If you happen to take the Purple Line going south, stop and notice these enlarged mementos from the CTA of yesteryear.
1946 Chicago Rapid Transit Company Map. The 4000 Series cars were featured on the cover.
(L) Enlarged version of child’s half fare ticket. (R) Main Street CTA Station, 1946, Charles E. Keevil photo, Walter R. Keevil Collection.
In 1908, the Northwestern Elevated Railroad extended “L” service into Evanston using tracks leased from the
Chicago Milwaukee & St. Paul Railway. Within a few years’ time, the surface level tracks were placed on an embankment and the present-day Main Street station and platforms were placed in service.
In 1973, the Chicago Transit Authority’s venerable 4000-series rapid transit cars were retired after a half century of service. A total of 205 of these cars were built for the Chicago system over a several year period in the early 1920’s by the Cincinnati Car Company and saw service throughout the Chicago ‘L’ system. After the last cars were retired from the Evanston rapid transit line in 1973, cars 4271 and 4272 were selected for preservation by the Chicago Transit Authority. In February 2014, these cars paused at Main for a photo.
Final Ride for 4000 Series Transit Cars, Bruce G. Moffat photo
I love color. Rich, saturated chroma draws me in. While I admire many colors, I am partial to purple. My bedroom walls glow a deep purple, I collect amethyst glass, and incorporate different patterns of fabric with purple on my pillows and upholstered furniture.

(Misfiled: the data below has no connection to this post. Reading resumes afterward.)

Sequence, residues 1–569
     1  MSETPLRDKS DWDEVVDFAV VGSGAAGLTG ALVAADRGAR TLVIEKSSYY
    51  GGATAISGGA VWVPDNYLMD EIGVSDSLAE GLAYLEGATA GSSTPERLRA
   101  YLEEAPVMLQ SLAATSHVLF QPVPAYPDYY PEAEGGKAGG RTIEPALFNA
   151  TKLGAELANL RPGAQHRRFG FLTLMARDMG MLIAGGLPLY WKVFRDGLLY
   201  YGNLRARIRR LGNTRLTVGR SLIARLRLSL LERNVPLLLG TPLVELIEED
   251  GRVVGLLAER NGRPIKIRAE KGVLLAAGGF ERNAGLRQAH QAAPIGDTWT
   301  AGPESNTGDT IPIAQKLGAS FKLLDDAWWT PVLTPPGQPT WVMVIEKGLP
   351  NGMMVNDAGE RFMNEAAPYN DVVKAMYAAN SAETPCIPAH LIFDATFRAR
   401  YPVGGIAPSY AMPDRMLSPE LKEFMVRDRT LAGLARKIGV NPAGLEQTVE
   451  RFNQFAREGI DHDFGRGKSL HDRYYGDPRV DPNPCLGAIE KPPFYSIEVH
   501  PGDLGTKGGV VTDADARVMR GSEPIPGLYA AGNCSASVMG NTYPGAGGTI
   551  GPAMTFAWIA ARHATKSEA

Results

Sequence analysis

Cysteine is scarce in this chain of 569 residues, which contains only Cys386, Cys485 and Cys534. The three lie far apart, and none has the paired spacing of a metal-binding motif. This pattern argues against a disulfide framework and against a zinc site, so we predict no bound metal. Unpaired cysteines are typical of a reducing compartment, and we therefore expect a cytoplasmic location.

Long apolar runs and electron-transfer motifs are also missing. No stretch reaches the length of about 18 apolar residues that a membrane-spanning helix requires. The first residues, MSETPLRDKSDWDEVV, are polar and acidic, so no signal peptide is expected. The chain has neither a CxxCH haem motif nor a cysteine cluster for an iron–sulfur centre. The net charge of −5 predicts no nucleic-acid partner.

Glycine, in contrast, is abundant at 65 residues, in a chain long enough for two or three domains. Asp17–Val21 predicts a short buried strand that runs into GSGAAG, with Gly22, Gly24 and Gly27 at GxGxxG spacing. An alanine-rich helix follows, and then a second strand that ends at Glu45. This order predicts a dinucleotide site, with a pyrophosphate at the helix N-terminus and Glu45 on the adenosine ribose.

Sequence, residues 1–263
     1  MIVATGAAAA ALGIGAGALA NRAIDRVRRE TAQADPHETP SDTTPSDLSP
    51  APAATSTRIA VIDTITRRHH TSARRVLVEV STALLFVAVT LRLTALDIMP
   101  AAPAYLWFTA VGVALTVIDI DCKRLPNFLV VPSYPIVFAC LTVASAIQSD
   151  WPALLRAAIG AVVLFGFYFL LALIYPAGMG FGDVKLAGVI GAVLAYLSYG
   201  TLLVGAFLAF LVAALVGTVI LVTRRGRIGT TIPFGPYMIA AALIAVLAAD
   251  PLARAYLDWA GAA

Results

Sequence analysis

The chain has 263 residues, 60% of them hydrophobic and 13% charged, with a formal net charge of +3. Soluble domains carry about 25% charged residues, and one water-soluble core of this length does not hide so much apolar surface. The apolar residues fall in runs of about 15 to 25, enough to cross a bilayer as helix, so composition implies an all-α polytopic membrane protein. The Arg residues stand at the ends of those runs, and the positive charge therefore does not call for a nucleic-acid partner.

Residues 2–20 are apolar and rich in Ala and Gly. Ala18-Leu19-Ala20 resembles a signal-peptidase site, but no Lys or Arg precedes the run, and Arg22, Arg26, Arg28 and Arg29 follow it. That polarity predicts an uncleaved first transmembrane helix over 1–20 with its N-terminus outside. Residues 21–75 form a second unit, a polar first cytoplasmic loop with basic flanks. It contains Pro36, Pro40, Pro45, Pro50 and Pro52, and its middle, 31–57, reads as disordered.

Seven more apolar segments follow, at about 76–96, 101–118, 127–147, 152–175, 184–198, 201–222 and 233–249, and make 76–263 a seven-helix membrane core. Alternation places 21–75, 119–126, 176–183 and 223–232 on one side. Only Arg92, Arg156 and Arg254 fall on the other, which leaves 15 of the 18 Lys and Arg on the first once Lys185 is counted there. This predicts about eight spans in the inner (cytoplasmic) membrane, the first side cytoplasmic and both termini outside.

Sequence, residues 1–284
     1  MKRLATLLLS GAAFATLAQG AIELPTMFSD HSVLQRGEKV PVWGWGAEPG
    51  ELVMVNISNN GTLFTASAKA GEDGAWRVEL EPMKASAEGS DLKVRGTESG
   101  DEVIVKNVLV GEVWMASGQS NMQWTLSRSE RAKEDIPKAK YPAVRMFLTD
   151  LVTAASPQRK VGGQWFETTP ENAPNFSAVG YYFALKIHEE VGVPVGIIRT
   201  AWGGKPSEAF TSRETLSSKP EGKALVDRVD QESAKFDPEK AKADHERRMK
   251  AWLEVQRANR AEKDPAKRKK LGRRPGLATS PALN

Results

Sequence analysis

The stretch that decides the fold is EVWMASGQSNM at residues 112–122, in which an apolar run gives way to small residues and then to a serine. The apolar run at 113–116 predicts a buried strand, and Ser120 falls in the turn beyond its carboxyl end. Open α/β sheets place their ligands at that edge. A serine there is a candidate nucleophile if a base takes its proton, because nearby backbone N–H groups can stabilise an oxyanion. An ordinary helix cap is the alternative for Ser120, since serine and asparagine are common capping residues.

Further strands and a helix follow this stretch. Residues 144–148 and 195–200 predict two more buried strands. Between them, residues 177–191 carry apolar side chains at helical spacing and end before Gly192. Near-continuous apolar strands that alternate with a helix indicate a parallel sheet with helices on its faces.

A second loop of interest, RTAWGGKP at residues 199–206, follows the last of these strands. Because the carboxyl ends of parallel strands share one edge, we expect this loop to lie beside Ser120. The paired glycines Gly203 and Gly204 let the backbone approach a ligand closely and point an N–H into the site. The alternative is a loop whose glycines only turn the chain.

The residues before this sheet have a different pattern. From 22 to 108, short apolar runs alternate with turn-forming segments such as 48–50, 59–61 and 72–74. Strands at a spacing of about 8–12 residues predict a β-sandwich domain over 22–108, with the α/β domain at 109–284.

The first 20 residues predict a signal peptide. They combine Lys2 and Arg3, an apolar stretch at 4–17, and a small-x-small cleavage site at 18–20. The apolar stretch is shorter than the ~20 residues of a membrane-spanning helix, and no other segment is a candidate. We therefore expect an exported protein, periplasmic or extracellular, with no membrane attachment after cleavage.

Despite my admitted attraction to purple, it was only by coincidence that I ended up living in a town served by the CTA’s Purple Line, so named because purple is Northwestern University‘s official color. I enjoy the purple highlights of Northwestern pride around Evanston–the lights in the fountain on Davis Street, the purple fire hydrants, and the liberal sprinkling of purple flowers that pop up from the grounds to signal winter’s end.
A mile and a half south of campus there is a patch of land lovingly tended by an urban gardener. Bordered by an apartment building and the sidewalk, it looks wild and untamed. It is lush and deep, the antithesis of a manicured lawn. I walk by it nearly every day and admire its density and array of plant life. Today all the various shades of purple on this small plot glowed in harmony. The effect was stunning and complex, ranging from soft shades of violet to a Cabernet color that was nearly black. It was breathtaking and artistic, a gem among the ordinary goings on of commuters, school children, dogs and dog walkers, my own private purple showcase.